Did you know that over 67% of households in the U.S. tend to at least one pet?
With most people clearly having the capacity to love and care for an animal, it isn’t such a stretch for many to believe that pets and people belong together.
Despite the strong bond between owners and their pets, however, plenty of challenging circumstances can still cause pets to lose their homes.
Factors like poverty, ailments, shortage of pet-friendly housing, short-term emergencies, and the lack of affordable and accessible veterinary care can contribute to even the most devoted of owners to relinquish their beloved pets to an animal rescue group or a local animal shelter.
In fact, according to Dr. Sara Pizano, founder of Team Shelter U.S.A.,
“About 20% of animals entering shelters are relinquished by their owners.”
An even sadder part, Dr. Pizano adds, is that,
“In 2015, the ASPCA did a study that showed that 80% of them (pet owners) did not want to. They just needed temporary help.”
This was seconded by Aimee St. Arnaud, co-founder of two for-profit veterinary hospitals providing access to care and full-service veterinary care.
“One in four people have experienced a barrier in getting veterinary care in the last two years.”
The challenge, however, is that it is difficult for most privately practicing veterinarians to provide access to care while managing the cost of doing business and remaining sustainable as a business entity. This is exactly what Dr. Sara Pizano and Aimee St. Arnaud strive to resolve.
With more than 30 years of experience as a veterinarian in animal welfare, Dr. Pizano uses her expertise in shelter reform to become a positive force in helping shelters of all types and sizes, as well as similar organizations, to reach their full potential.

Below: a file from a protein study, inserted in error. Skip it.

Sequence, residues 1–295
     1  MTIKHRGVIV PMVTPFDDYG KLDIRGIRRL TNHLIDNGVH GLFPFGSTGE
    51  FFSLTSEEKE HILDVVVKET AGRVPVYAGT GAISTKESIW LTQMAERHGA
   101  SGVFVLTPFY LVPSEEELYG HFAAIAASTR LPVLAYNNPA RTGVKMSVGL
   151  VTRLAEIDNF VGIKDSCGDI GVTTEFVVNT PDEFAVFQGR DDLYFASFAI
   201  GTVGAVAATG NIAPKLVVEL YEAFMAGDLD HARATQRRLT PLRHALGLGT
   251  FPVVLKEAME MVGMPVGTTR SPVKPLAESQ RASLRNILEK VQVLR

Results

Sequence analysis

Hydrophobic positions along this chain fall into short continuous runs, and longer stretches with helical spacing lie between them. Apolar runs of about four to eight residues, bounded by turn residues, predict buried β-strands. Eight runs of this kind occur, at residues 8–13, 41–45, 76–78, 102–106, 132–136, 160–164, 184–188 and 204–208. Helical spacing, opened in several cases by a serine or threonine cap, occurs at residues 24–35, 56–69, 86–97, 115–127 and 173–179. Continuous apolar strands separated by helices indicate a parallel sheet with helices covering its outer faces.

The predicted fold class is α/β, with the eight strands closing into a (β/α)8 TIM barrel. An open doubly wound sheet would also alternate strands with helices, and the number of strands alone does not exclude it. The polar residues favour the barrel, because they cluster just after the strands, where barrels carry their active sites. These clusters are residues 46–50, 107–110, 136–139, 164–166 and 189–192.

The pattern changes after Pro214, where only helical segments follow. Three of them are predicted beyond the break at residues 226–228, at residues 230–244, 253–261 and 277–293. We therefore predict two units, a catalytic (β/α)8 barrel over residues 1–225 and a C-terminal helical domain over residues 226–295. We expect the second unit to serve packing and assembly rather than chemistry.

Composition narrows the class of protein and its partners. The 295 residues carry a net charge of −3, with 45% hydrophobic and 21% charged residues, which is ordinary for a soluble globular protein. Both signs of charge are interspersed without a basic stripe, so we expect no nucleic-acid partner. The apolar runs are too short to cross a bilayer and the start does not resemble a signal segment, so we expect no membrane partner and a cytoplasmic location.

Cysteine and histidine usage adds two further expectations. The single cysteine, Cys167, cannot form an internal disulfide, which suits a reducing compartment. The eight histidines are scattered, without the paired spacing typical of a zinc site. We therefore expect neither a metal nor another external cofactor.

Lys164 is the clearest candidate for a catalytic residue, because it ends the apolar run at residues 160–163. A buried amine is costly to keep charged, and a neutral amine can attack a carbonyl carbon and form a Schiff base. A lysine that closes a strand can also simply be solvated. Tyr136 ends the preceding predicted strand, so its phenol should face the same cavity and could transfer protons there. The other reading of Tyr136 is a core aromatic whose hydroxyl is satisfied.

She has teamed up with Aimee from Open Door Veterinary Care/Community Pet Care Clinic for the implementation of the Open Door One Health national mentorship program.
Together with Aimee and her colleagues, Dr. Pizano mentors private practices and non-profit organizations on how they can make sure to provide pets with quality and affordable access to care and still be able to keep their business doors open and cover their costs.
As Aimee explains in the podcast,
“The number one reason why animals are surrendered is the cost of medical care.”
Through the mentorship program, Team Shelter U.S.A. and Open Door Veterinary Care/Community Pet Care Clinic give vets more tools and resources to allow pets to get the quality of care that they need while still allowing veterinarians to get paid and make a decent living wage. These tools may include prepayment plans, pre-savings plans, and vouchers.
“We’re not looking to teach them how to practice veterinary medicine. They already know how to do that…A lot of it really is around the financial conversation. That is really the number one barrier to veterinary care in the country.”
Undeniably, the for-profit model is a promising tool for effectively removing barriers while simultaneously increasing access to veterinary care. In the long run, this may help keep pets with their families together.
Interested in learning more about the Open Door For-Profit Model?
Have questions for Team Shelter U.S.A.?
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